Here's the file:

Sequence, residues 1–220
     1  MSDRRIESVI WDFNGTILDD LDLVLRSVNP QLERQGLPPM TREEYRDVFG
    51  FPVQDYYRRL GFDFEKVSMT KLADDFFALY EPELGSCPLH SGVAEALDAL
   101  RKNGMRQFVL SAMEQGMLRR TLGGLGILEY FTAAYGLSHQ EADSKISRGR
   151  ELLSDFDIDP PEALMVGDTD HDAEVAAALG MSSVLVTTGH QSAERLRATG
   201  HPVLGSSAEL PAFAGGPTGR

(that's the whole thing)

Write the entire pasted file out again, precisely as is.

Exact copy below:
Sequence, residues 1–220
     1  MSDRRIESVI WDFNGTILDD LDLVLRSVNP QLERQGLPPM TREEYRDVFG
    51  FPVQDYYRRL GFDFEKVSMT KLADDFFALY EPELGSCPLH SGVAEALDAL
   101  RKNGMRQFVL SAMEQGMLRR TLGGLGILEY FTAAYGLSHQ EADSKISRGR
   151  ELLSDFDIDP PEALMVGDTD HDAEVAAALG MSSVLVTTGH QSAERLRATG
   201  HPVLGSSAEL PAFAGGPTGR